As traditional centrist political parties across Europe reel from historic losses, Kurz’s strategy in Austria seems to have paid off. With his victory, he’ll no doubt serve as an example for other ambitious young center-right leaders looking to rebuild support and come out ahead of their right-wing populist challengers. As a polished, anti-immigration millennial who successfully worked to remake his party, Kurz could be a sign of what’s to come from the next generation of European leaders—one that is running and governing in a time of turbulent political change across the continent.
Key to Kurz’s success, and in stark contrast to Macron’s strategy, is the rightward turn he’s taken for his party on immigration and refugee politics. As foreign minister, Kurz argued for closing the Balkan route, the path refugees have taken to get into Europe via Greece and several countries in the Balkan region, and limiting refugee arrivals in Austria; during his campaign, he kept his focus on these issues, supporting a burqa ban and arguing that immigrants should receive less state support for children than native-born Austrians. On these issues, he’s so blatantly parroted the far-right Freedom Party that its leader, H.C. Strache, accused him and the People’s Party of stealing. In fact, Kurz’s critics in Austria argue that, as chancellor, he would lead a government that is “Freedom Party-lite”—indistinguishable from its far-right counterpart on at least this issue.
Kurz has good reason to highlight his views on immigration. As evinced by Sunday night’s vote, anti-refugee sentiment in Austria has contributed to a Freedom Party resurgence in recent years. In last year’s presidential election, Freedom Party candidate Norbert Hofer advanced to the second round, winning 46 percent of the vote; earlier this year, before Kurz took over leadership of the ÖVP, the Freedom Party led national election polling with support as high as 34 percent. And unlike in other western European countries, where the idea of including a far-right populist party in government is still taboo, the Freedom Party served in a government coalition with the People’s Party from 2000 to 2005.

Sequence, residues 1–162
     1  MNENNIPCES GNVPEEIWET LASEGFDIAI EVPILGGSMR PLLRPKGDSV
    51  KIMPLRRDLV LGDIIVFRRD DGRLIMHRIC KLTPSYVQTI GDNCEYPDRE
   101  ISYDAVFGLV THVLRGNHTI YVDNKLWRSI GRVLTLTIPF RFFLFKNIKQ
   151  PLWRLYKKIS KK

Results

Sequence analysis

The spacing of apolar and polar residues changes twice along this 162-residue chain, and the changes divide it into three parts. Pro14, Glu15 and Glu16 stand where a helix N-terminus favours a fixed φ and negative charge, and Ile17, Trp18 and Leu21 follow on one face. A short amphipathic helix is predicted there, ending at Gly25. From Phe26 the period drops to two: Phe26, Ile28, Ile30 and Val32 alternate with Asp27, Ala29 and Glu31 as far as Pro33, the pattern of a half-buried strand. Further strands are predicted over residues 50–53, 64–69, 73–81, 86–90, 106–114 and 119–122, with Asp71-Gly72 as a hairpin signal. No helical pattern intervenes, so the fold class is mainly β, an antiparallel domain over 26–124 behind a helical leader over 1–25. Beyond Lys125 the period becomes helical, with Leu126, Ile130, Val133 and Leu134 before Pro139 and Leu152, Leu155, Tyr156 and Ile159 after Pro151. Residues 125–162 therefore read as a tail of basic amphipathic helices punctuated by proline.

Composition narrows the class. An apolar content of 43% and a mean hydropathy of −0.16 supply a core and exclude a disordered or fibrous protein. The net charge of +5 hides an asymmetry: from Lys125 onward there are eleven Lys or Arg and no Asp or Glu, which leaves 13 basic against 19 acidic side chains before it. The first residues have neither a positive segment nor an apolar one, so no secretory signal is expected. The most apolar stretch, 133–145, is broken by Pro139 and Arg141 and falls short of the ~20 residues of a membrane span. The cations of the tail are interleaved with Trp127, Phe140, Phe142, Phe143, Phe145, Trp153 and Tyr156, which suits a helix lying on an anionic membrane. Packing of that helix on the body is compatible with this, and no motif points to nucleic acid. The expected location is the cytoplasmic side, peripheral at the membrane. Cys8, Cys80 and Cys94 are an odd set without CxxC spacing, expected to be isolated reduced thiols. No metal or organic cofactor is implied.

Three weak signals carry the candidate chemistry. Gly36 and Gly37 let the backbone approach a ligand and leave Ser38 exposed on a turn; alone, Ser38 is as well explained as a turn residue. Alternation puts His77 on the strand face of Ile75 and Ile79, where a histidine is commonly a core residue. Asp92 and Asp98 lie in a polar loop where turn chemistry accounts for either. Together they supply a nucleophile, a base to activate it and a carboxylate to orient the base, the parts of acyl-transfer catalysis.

In the days before the election in Vienna, the ÖVP’s distinct advertising was ubiquitous: everywhere you turned, there was Kurz’s pensive visage and slicked-back hair. “The new People’s Party,” each campaign poster read, again calling it a “Movement for Austria!” Gone was the well-known logo and any other identifying features linking the advertising to the ÖVP’s previous campaigns. “When you see his election ads, you wouldn’t immediately know, actually, that it’s the same party,” Jakob-Moritz Eberl, a researcher at the University of Vienna and a member of the Austrian National Election Study, told me. “It’s completely focused on him as a person.”